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7/20/2014 7:12 P.M. ET

Longo sets franchise 2B record, ties RBI mark

MINNEAPOLIS -- Evan Longoria claimed a piece of the Rays' record book on Sunday when he passed former Tampa Bay outfielder Carl Crawford for the club's career doubles record with 216 and tied Crawford's career RBI record at 592.

"I'm proud to be there amongst good company," Longoria said. "Carl was a great ambassador for the Rays and obviously one of the guys this franchise will always remember. I'm pretty much here for the rest of my career, so I guess at some point I expected to be there. Today being the day, just a proud day."

Longoria led off the third inning of Sunday's game against the Twins at Target Field by hitting an 0-2 pitch from Kevin Correia into the left-field corner for a double. That tied Crawford.

Longoria added an RBI double in the sixth off right-hander Samuel Deduno to set the career doubles mark, and the RBI pulled him into a tie with Crawford.

"No big surprise," said Rays manager Joe Maddon about Longoria's accomplishment. "He's going to set a lot more records here. Good for him."

Molina gets day off amidst hot streak

MINNEAPOLIS -- Jose Molina is in the midst of a season-long seven-game hitting streak. In Saturday night's 5-1 win over the Twins, the Rays' catcher posted his first multi-RBI game since Aug. 27 against the Angels. And he has driven in a run in three consecutive games.

So why did Curt Casali start at catcher Sunday afternoon against the Twins? According to Rays manager Joe Maddon, it's all about the long haul. And the fact that Casali played well in his Major League debut Friday night "had something to do with it."

"Part of it is just Ja-Mo in general," Maddon said. "[Ryan] Hanigan, I don't know how long he's going to be out. So you don't want to press Ja-Mo to the point of breaking him either -- day game after night game. If it was another night game, it could have been Ja-Mo quite frankly. But the way it all played out with David [Price] pitching yesterday and Ja-Mo getting another day off, he'll be nice and fresh again.

"He looked really good yesterday, man. So I think the fresher we keep him, the better he's going to play."

Odorizzi to get first at-bat since high school

MINNEAPOLIS -- Jake Odorizzi will be the next in line among Rays pitchers to try and get a hit this season when he starts against the Cardinals Tuesday night in St. Louis.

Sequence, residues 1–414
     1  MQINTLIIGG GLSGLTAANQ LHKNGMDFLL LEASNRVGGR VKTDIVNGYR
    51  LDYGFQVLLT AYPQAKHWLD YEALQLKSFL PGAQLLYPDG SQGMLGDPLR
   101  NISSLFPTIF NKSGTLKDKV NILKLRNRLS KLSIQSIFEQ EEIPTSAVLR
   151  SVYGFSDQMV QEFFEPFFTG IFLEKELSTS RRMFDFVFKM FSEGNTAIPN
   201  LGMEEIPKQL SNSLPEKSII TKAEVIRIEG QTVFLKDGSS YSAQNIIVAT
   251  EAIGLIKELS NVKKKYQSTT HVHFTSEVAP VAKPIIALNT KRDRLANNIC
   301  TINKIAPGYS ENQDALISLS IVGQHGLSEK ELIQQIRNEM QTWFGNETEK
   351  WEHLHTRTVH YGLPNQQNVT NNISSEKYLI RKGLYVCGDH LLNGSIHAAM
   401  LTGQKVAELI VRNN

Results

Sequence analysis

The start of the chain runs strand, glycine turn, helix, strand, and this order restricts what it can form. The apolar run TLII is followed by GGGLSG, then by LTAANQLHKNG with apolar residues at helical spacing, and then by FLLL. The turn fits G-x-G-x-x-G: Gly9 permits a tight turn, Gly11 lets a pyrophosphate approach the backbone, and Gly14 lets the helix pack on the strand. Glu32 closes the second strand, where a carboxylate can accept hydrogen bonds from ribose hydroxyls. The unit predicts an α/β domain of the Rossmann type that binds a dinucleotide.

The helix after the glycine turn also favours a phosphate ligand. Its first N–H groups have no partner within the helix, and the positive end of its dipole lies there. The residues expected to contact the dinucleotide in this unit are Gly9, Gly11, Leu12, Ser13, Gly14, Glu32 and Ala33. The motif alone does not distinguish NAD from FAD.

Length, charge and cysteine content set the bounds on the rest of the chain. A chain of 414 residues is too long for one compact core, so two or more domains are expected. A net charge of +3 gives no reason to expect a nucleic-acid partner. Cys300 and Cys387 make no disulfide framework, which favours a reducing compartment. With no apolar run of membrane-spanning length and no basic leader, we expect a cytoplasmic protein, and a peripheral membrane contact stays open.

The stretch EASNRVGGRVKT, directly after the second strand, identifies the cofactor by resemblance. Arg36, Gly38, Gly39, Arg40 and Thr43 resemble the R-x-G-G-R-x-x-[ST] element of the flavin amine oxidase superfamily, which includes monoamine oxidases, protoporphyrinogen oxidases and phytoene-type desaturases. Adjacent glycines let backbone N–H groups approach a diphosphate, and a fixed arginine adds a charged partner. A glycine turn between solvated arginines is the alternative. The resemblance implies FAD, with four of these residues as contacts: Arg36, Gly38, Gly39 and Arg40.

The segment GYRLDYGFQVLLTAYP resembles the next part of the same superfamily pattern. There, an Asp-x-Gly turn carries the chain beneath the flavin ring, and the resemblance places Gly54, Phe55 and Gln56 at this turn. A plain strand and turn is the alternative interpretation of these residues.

When asked for a scouting report on Odorizzi, fellow hurler Chris Archer allowed: "He has a quiet, compact swing. His bat drags a little. So he's probably going to hit the ball the other way, but it's been awhile. And 90 mph is a lot different than hitting 55 mph BP from Hick [pitching coach Jim Hickey]."

When a reporter pointed out to Archer that not only will Odorizzi not be facing Hickey, he'll be facing Cardinals ace Adam Wainwright, Archer smiled.

"Maybe he'll pipe him one," Archer joked. "He might pipe him one, you never know."

Odorizzi noted that he has no idea what to expect when he steps into the batter's box Tuesday night.

"I haven't seen live pitching in six years," Odorizzi said. "So I don't know what it's going to look like. I'll be swinging, I guess."

Odorizzi said his last at-bat came in high school in his state baseball tournament.

"So it's been awhile," Odorizzi said. "That's the last time I've seen live pitching from anybody other than a coach. When you see somebody like Wainwright compared to a high school kid, it's going to be like night and day."

Esteban Yan remains the only pitcher in Rays history to hit a home run. When Odorizzi was asked if he was prepared to hunt down the "Great Estaban," he first had to learn about Yan's feat. He then smiled.

"I think that's going to be about the last thought I'll be thinking after I see one pitch," Odorizzi said. "... I'll be happy to make contact. I've got my own bats, you better believe that."

Hitting coach Derek Shelton was asked if he was enthused about having Odorizzi in the order Tuesday night.

"Oh, yeah," Shelton said. "Ecstatic."

Rays pitchers are 0-for-11 this season.

Bill Chastain is a reporter for MLB.com. This story was not subject to the approval of Major League Baseball or its clubs.